” I can’t believe how much we have in common. We’re both studying the environment, we’re both utterly humorless about our vegetarianism, and we both love the Rolling Stones. Yes, not For their music, but for their tireless efforts to preserve historic buildings.”
This book is Lisa Simpson and Hugh Parkfield in a nutshell. Because eating animals is wrong. So horribly, horribly wrong. In Simpsons arcana, the episode that follows this one establishes that Lisa is in fact a vegetarian, but that episode finds Apu horrified at Lisa’s willingness to consume animal products, resulting in the realization that while you can find the choices of others wrong, it isn’t your place to cast judgement upon them.
Ya listening, Foer?
Many of his arguments are persuasive, and I truly hate factory farming. But a) not everyone has the luxury of choosing what they eat based on morality (his anecdote from his grandmother aside, “if nothing matters, what is worth saving” isn’t gonna keep most starving people from eating a burger if it’s not a matter of their religion), b) the problem with gray areas is that lines delineating black from white start to seem arbitrary (yeah, I’d eat a cow or a pig or even a bunny, but not a cat or a dog – I just don’t look down on those who’d eat what I wouldn’t), but that isn’t necessarily an point in favor of extremism, and c), most frustrating in the current political climate, unless everyone gives up meat tomorrow, it’s a drop in the bucket against factory farm conglomerates. The American People can’t even get basic healthcare for themselves, or slow down a rush confirmation of a supreme court justice a large majority think shouldn’t go through until after the election. We can’t do shit.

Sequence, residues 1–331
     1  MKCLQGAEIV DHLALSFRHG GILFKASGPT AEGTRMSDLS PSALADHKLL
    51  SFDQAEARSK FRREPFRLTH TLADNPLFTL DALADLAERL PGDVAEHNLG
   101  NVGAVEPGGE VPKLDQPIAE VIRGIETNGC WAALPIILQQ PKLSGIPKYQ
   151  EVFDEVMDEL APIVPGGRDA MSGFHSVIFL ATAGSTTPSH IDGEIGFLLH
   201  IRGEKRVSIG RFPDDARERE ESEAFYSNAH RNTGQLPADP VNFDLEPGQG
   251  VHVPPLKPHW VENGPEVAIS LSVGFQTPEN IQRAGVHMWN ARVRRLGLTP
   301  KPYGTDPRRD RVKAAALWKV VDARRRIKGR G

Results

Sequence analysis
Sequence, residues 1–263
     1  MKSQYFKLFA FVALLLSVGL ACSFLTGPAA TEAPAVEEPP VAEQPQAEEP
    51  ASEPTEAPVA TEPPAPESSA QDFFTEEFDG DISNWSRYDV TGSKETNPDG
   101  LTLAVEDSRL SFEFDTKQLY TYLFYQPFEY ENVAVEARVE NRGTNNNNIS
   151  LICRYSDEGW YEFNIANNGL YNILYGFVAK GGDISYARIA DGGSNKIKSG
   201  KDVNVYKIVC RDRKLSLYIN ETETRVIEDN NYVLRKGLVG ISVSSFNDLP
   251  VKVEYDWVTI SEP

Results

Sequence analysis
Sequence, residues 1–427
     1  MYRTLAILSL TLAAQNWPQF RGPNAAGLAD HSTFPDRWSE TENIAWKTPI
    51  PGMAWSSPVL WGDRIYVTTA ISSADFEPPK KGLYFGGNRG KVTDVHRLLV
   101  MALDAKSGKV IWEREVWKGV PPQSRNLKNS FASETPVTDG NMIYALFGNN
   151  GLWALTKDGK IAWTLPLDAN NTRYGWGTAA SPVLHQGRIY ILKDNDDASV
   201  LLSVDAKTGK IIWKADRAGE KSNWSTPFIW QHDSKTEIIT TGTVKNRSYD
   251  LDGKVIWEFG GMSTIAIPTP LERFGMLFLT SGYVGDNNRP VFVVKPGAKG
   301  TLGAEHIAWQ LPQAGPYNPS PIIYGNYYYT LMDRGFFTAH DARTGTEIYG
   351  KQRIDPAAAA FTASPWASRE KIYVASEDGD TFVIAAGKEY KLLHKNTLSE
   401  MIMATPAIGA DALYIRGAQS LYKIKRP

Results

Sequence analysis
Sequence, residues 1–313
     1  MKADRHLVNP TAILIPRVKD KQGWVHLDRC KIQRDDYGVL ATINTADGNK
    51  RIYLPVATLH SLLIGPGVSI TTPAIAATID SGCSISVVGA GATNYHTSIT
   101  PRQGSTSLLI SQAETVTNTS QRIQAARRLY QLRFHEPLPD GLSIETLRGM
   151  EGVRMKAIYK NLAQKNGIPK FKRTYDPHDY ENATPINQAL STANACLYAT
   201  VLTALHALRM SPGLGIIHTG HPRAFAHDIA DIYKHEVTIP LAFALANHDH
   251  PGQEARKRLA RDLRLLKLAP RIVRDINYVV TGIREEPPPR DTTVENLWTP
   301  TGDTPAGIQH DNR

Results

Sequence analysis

You want to help animals? End corn subsidies. It will keep the animals fed grass once it’s cheaper, which will lead to happier healthier animals, and takes one component of farming as monopolistic business out of the equation. But that doesn’t allow you to look down on others for eating meat.
It’s also mildly infuriating that Foer makes family central to his argument against eating animals, but he and Kraus had a fairly public split that may or may not have been emotional-infidelity related, which makes the line “if nothing matters what is left to save” ring differently years later.
From the book: “saying that meat eating can be ethical sounds “nice” and “tolerant” only because most people like to be told that doing whatever they want to do is moral.” Agreed. But that shoe fits just as well on the other side; failing to recognize that others have different priorities, morality, or just plain don’t have the energy to fight is just as blinkered.